Flash floods in Selangor renew public anger over Malaysia election during rainy season

Caretaker Health Minister Khairy Jamaluddin halted campaigning to head to the flood-hit area of Kampung Melayu Subang. PHOTO: COURTESY OF KHAIRY JAMALUDDIN

SHAH ALAM - Flash flooding was reported in several parts of the Malaysian state of Selangor following hours of heavy rain on Thursday afternoon.

Selangor Fire and Rescue Department director Norazam Khamis said fire engines and boats were immediately deployed to Meru, Klang, and the Taman Setia Warisan and Kampung Budiman neighbourhoods in state capital Shah Alam, after information on the deluge was received at around 4.15pm.

“The flash floods were believed to be due to heavy rain and clogged drains there.”

He said an elderly woman was rescued from her home in Kampung Budiman after the water level rose to 60cm.

“But the rain has since stopped so the water level is subsiding,” he added.

The Malaysian Fire and Rescue Department said it will deploy five helicopters and drones to monitor flood locations nationwide, as well as to facilitate the search and rescue process, especially in remote locations where disasters occur.

Director-general Mohammad Hamdan Wahid said on Thursday: “If there are signs of flooding, rising water levels and heavy rain, these air assets are ready to be utilised when needed. For drones, we have a base centre in Subang and each state has a drone service, while one helicopter is stationed in Borneo and four more in the Peninsula.”

For now, more than 6,000 temporary relief centres, supplied with essential items for flood victims, have been identified nationwide in preparation for possible floods during the north-east monsoon season, which began on Monday. The monsoon is predicted to last until March 2023.

The Drainage and Irrigation Department had on Wednesday warned of flash flooding in Pahang, Selangor, Johor and Sarawak, based on rainfall forecast information.

The recent days’ flash floods have reignited public anger over the caretaker government’s decision to hold the 15th General Election (GE15) on Nov 19 during the monsoon season.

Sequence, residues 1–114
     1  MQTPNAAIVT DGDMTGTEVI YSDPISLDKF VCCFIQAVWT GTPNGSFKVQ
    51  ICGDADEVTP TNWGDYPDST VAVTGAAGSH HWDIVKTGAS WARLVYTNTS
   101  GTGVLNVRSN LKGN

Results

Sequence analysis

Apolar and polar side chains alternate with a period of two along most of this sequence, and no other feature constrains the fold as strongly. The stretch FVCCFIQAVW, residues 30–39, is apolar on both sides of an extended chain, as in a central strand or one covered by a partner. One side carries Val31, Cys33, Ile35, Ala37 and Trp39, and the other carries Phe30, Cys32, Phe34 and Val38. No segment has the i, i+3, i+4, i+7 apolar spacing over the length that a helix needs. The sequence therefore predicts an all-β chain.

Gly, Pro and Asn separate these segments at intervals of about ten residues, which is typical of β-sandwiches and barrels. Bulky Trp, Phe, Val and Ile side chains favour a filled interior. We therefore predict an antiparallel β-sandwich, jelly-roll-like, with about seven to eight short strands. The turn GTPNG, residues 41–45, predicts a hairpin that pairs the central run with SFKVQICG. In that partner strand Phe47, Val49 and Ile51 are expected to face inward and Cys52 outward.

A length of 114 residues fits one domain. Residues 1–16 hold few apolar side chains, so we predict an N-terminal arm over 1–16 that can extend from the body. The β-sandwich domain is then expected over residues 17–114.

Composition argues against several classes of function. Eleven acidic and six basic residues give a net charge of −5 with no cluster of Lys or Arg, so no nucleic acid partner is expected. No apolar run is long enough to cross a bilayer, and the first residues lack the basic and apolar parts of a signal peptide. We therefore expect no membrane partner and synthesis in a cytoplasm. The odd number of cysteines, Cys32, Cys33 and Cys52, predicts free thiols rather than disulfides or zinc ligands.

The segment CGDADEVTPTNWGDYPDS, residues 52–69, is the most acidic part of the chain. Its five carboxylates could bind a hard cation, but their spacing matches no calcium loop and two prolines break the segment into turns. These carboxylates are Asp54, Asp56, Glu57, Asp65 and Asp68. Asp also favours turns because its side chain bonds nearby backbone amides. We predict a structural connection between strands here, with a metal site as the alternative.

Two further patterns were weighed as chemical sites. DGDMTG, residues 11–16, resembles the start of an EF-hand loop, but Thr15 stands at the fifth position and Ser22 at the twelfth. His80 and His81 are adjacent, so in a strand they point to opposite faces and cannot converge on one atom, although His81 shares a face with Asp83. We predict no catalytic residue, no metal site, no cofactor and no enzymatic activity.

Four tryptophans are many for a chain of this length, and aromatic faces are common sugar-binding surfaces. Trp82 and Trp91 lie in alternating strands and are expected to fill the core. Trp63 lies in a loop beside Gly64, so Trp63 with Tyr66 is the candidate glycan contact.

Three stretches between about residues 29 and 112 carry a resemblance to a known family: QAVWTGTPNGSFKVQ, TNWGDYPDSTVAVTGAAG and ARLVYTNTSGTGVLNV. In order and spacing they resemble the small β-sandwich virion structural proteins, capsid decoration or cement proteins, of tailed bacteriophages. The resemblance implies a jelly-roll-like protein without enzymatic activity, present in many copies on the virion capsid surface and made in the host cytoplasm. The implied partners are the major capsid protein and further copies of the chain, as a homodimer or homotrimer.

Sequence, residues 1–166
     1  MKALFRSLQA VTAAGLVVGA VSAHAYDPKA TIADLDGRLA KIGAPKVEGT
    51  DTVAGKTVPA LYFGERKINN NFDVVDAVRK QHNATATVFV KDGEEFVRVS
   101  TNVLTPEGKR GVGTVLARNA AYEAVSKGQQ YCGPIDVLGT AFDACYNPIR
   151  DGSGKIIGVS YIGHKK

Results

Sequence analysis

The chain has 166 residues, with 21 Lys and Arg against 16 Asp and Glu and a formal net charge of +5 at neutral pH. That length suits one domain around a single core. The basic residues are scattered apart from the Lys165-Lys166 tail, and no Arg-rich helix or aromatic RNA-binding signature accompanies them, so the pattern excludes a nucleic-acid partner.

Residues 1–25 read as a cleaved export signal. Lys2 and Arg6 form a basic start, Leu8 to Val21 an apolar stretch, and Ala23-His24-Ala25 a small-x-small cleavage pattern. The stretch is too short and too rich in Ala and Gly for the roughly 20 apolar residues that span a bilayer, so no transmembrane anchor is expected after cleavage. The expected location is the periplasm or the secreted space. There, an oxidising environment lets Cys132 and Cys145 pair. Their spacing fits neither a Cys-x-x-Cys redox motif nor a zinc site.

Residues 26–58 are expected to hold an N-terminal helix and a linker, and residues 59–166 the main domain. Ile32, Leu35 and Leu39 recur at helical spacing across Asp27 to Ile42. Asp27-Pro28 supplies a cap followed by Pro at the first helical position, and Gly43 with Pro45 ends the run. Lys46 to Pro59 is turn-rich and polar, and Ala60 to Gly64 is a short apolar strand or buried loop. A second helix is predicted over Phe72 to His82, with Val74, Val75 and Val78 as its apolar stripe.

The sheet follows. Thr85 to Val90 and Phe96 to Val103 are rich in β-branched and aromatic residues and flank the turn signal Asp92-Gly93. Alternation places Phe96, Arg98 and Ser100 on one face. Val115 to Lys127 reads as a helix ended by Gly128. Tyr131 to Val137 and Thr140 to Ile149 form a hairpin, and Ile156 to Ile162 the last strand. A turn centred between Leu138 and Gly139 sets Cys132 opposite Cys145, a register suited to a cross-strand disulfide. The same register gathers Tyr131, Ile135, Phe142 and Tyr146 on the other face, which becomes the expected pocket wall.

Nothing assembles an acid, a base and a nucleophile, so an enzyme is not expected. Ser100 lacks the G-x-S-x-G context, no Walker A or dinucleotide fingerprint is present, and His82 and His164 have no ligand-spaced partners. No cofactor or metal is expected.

Many took to social media to express their frustration and discontent, labelling politicians, especially from the ruling coalition Barisan Nasional, as selfish.

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“They (government) knew what was coming yet still want to hold GE15. So selfish, insensitive, inconsiderate and tone-deaf. Would you die from postponing the polls? No,” said customer service executive Fatima Fauzi on social media platform Facebook.

Twitter user @En_Amy said: “Flood season has started, the warning has been issued earlier but nobody wanted to listen. Great, go ahead and dissolve Parliament during this trying time. Campaign where, asset mobilisation where (sic)?”

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Caretaker Prime Minister Ismail Sabri Yaakob dissolved Parliament on Oct 10, drawing strong criticisms from the public and opposition leaders for holding an election during the monsoon season when they have up to September 2023 to do so.

Last year saw one of Malaysia’s worst floods in history, which resulted in 54 people killed and damage amounting to about RM6.5 billion (S$1.9 billion).

“It’s rainy season now and... (politicians are) busy with #GE15 campaign! This is not good for the (caretaker) government. You all just lost a few thousands of votes, I’m sure. Reap what you sow (sic),” said Twitter user @real_HishamT.

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On Thursday, caretaker Health Minister Khairy Jamaluddin halted his campaigning activities for the Sungai Buloh parliamentary seat to head to the flood-hit area of Kampung Melayu Subang.

Selangor Chief Minister Amirudin Shari, from the Pakatan Harapan coalition, also cancelled his hustings in Gombak to coordinate aid for flood victims.

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